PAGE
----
Oceans were always there on Earth: Scientists

Oceans were always there on Earth: Scientists

Oceans were always there on Earth: Scientists

Debunking previous theories that water came late to Earth well after the planet had formed, researchers have significantly moved back the clock for the first evidence of water on Earth and in the inner solar system.

"The answer to one of the basic questions is that our oceans were always here. We did not get them from a late process as was previously thought," claimed lead scientist Adam Sarafian from the Woods Hole Oceanographic Institution (WHOI) in Massachusetts.

One school of thought is that planets originally formed dry due to the high-energy, high-impact process of planet formation.

Then the water came later from sources such as comets or "wet" asteroids which are largely composed of ices and gases. "With giant asteroids and meteors colliding, there is a lot of destruction," said Horst Marschall, a geologist at WHOI.

"Some people have argued that any water molecules that were present as the planets were forming would have evaporated or been blown off into space and that surface water as it exists on our planet today must have come hundreds of millions of years later," he explained.

The team then turned to another potential source of Earth's water - carbonaceous chondrites.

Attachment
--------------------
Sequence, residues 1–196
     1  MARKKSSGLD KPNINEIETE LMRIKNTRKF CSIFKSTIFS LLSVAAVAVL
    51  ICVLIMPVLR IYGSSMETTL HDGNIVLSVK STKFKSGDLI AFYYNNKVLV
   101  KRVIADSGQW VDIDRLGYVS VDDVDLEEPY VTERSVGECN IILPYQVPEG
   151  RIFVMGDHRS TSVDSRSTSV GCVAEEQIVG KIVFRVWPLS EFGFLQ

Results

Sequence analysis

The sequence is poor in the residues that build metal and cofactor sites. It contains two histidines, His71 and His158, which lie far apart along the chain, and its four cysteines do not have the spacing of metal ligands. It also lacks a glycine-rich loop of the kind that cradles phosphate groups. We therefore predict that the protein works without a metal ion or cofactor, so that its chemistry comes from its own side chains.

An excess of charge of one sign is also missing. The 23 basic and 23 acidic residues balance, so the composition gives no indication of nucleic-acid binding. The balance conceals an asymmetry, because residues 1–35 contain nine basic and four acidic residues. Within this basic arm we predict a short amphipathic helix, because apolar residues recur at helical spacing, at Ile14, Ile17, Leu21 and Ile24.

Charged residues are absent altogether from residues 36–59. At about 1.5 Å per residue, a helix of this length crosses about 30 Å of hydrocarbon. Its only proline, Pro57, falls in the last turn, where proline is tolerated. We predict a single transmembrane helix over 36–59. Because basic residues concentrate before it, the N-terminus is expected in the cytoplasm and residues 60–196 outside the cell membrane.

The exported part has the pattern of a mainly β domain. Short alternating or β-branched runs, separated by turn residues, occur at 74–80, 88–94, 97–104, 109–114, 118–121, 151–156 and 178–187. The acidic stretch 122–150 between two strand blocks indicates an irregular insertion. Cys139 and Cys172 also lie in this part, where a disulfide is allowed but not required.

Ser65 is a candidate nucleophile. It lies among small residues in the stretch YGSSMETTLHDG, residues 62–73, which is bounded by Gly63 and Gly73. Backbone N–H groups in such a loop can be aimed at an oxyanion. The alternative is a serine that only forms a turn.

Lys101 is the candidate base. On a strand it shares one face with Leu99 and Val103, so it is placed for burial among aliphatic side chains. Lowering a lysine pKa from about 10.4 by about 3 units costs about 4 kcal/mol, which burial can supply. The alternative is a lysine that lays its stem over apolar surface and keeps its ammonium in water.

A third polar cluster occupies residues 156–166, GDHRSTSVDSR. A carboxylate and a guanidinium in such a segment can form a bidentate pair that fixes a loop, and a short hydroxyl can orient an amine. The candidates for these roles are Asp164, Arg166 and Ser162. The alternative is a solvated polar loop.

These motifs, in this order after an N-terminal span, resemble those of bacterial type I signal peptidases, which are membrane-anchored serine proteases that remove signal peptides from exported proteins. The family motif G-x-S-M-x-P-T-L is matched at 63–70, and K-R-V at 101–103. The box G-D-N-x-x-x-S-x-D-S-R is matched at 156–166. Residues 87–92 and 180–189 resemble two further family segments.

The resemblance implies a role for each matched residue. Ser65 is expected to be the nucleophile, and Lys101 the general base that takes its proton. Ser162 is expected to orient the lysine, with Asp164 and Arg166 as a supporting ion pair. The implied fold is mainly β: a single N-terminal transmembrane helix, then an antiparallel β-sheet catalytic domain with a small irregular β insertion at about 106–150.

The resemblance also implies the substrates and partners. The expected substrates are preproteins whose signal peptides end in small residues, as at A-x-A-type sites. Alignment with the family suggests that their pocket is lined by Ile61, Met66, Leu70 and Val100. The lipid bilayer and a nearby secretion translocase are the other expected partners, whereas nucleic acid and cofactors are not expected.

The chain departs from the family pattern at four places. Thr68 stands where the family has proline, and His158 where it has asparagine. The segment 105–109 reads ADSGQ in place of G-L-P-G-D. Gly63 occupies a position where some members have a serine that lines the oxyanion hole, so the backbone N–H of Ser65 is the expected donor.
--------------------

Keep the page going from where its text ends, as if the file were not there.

The most primitive known meteorites, carbonaceous chondrites were formed in the same swirl of dust, grit, ice and gasses that gave rise to the sun some 4.6 billion years ago - well before the planets were formed.

To test this hypothesis, the team utilised meteorite samples provided by NASA from the asteroid 4-Vesta.

The asteroid 4-Vesta which was formed in the same region of the solar system as Earth has a surface of basaltic rock - frozen lava.

These 14-million year old basaltic meteorites are known to carry a unique signature of one of the oldest hydrogen reservoirs in the solar system.

"The study shows that Earth's water most likely accreted at the same time as the rock. The planet formed as a wet planet with water on the surface," noted WHOI geologist and co-author Sune Nielsen. The paper was published in the journal Science.